Geoff Johnson: Former foes work to reopen B.C. schools

The time for B.C’s “education wars” is over, at least temporarily. According to British Columbia Teachers’ Federation president Terri Mooring, a broad-based committee of 25 or so teachers are on deck this summer with four Ministry of Education working groups planning for the possibility of September school reopenings.

Thus far, the long awaited announcement of the plan to reopen is at the “so far, so good” stage: Some additional funding for school cleaning, reorganization of “learning groups” and updated health-and-safety regulations along with the caveat that a surge of COVID-19 cases in the fall could require revision of planning accomplished so far.

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That’s timely and reassuring given that during June’s provincial school opening “test run,” only about half of B.C.’s teachers felt comfortable about returning in September, with many parents even less comfortable.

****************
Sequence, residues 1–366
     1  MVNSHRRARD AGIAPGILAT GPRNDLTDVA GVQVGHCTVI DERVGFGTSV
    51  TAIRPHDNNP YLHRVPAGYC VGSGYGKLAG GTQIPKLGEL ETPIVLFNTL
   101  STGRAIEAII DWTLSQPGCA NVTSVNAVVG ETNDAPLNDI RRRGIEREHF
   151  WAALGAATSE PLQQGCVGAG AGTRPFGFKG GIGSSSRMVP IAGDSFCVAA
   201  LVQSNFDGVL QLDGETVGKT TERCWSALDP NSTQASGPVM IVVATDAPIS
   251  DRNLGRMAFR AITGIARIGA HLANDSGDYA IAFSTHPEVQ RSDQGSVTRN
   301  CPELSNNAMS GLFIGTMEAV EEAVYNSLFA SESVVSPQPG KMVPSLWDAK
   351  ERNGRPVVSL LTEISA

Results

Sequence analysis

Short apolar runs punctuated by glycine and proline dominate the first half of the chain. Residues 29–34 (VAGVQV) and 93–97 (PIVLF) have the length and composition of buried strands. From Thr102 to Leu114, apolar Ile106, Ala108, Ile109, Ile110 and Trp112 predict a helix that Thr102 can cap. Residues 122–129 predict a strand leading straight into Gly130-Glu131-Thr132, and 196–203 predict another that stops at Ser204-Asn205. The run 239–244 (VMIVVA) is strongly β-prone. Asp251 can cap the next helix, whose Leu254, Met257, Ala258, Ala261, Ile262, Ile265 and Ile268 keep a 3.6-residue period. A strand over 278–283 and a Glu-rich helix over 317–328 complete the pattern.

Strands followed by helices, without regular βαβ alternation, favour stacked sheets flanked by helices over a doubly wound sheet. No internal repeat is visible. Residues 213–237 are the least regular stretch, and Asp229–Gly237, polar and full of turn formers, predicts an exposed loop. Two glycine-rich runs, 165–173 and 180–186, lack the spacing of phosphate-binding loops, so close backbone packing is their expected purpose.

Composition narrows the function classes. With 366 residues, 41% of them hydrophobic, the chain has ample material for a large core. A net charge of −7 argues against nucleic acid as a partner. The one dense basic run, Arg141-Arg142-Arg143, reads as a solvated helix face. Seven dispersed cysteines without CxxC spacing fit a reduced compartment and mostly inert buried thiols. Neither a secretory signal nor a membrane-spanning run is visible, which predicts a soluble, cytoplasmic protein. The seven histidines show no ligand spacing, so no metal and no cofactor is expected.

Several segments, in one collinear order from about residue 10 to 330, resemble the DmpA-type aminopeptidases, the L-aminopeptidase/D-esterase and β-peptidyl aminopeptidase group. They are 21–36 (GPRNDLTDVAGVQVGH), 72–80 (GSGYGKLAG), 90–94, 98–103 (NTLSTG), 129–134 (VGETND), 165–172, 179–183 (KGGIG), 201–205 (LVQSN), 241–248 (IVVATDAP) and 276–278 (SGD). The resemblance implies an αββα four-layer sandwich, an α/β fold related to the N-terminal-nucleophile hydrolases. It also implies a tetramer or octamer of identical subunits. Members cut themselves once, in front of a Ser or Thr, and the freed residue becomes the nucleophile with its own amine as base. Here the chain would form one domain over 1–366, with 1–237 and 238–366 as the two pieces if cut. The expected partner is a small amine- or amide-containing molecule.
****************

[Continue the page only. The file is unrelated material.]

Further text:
The more solid information coming from the working groups the better the prospect of school reopening will be for parents and the kids themselves.

If there is anything to be learnt from the exploding dissensions of the state by state public education COVID crisis to our immediate south it is that joint teacher/ government leadership here must include frequent centralized and trusted communication from both government and the union.

With both internal school district personnel and external community interests kept up to date frequently on plans and options as they emerge, communication will, hopefully, include information about a variety of things; access to emergency funds and contingency plans designed to provide guidance when previously unanticipated consequences of September school reopening occur.

That’s significant since much of the detailed planning is still up to the 60 school districts.

Right now, for example, the move toward the technology and pedagogy of part-time, online learning leaves a majority of teachers feeling unprepared should that become part the new reality of public education.